I recently described one of the plot points of this volume to a non-manga-reading friend, and he seemed really weirded out by the synopsis I gave him. It drove home for me how weird this series can be from time to time. Though it’s got a rough exterior at times, it’s still such a treat to read.
Where the first volume ended with the threat of Amamizu-kan’s sale laid bare in front of Amars, this one establishes what appears to be our main plot: that is, now Kuranosuke is pushing the Amars to raise money to buy Amamizu-kan back.
There’s trouble in paradise, however, when we learn that the women of Amars have.. less than stellar bank balances. With that in mind, Kuranosuke must now coach the Amars to craft and follow through with some quick moneymaking schemes. Chief in this volume is participating in a community flea market, where Tsukimi’s homemade plush jellyfish are a hit with patrons.
Meanwhile, Kuranosuke’s family must deal with fallout from Inari, the real estate developer, who took pictures of Shu in compromising positions while he was inebriated. The photos suggest Shu had sex with Inari, but you may remember from volume 1 that it was all a farce. Shu struggles with his feelings for her and his feelings for Tsukimi, while his family is at least hopeful he will change now that he isn’t a.. virgin.
Kuranosuke and Tsukimi’s encounters with Inari dig into Tsukimi, as it’s obvious these compromising photos eat at her and flare up her jealousy. Her initial response is to lock those feelings away and shut herself in her room. Kuranosuke is grudgingly able to coax her out in time to put together a jellyfish-inspired dress. Her memories of her mother ignite her passion, and she’s inspired to create a gorgeous piece that piques Kuranosuke’s interest. Her lack of confidence is unsteady, so there are times when she doesn’t want to continue.
There’s a really beautiful sequence towards the second half of this volume that illustrates Tsukimi’s comfort mechanism, where, after being othered by her classmates, she goes home and is immediately comforted by her mother, and while floating in bliss with her imaginary version of Clara, her world comes crashing down when she encounters Inari’s photos. I loved the inclusion of this sequence, as it highlights how Tsukimi clings to the past to cope with her present issues. I really feel for her, but with all the shakeups in her life – falling in love with a man knowing that it’s forbidden by her housemates, being encouraged by her weird friend to indulge her passions and try new things – I think it’s important for her to reconcile the past and move forward. As much as I like the Amars crew, it’s not hard to see that their reluctance to change is holding her back.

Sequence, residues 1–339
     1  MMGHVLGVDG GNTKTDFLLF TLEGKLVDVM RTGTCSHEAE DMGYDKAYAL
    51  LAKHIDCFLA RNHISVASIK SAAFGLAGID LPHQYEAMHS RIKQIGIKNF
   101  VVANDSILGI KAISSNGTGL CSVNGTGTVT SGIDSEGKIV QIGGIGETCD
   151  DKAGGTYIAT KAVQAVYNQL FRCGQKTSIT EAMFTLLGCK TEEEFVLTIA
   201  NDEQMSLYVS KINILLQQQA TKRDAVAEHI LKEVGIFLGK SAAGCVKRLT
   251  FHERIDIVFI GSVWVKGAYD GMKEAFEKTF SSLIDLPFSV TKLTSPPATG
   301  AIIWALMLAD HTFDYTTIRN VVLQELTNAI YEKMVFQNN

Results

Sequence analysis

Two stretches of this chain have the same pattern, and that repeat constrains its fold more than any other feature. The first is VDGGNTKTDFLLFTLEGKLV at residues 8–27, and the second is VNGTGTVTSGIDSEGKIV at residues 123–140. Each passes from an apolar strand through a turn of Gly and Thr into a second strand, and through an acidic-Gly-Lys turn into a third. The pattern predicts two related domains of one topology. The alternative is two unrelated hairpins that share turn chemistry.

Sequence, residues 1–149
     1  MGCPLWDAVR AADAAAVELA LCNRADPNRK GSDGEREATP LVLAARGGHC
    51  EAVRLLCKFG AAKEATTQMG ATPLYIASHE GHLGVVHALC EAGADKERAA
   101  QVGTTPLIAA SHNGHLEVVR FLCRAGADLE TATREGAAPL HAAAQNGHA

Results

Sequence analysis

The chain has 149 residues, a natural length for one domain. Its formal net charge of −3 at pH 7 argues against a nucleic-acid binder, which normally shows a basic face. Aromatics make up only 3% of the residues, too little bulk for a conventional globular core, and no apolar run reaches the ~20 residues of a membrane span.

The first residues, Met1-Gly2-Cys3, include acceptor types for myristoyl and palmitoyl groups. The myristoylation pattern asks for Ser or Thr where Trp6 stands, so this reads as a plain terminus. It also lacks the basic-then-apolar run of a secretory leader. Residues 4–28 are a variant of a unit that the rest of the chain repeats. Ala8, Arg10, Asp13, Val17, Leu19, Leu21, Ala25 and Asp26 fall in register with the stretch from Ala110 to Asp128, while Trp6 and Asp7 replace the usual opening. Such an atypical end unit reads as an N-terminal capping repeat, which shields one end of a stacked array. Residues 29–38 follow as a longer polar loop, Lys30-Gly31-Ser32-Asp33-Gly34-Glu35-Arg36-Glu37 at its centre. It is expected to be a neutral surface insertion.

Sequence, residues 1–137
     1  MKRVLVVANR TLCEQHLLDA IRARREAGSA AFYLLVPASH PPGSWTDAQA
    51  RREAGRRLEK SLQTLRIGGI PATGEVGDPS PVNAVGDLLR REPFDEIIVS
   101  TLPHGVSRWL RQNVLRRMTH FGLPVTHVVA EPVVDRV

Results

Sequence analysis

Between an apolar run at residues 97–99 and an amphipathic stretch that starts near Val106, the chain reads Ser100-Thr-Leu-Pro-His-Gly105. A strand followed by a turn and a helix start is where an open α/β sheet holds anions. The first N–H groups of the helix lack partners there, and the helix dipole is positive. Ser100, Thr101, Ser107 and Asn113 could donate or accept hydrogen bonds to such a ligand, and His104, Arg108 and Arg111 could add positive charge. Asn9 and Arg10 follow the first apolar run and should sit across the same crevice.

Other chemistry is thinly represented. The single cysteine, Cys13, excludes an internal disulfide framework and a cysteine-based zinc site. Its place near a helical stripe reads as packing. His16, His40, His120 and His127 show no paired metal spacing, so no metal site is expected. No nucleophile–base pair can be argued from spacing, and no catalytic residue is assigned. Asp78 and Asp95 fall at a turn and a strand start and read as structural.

The sequence where she’s making the dress is also really great, too, because she’s in a different, healthier mode. If Chihaya in Chihayafuru is a more self-confident character learning to accommodate more people in her life, Tsukimi is learning to love herself in a new, challenging way. I feel for her just as much. The sequences with Shu are weaker only relatively speaking, but the way he has feelings for her, however stilted and unrealistic, gives me hope that they’ll make it work if they do get together.
Princess Jellyfish is written and illustrated by Higashimura Akiko. It was serialized in Kodansha’s Kiss magazine from 2008 to 2016, and it was later collected in 17 bound volumes. The series has been licensed by Kodansha Comics, which has been releasing the series in 2-in-1 omnibus format. Eight omnibus volumes have been released as of April 2018. Check out Kodansha Comics’ page for the series here.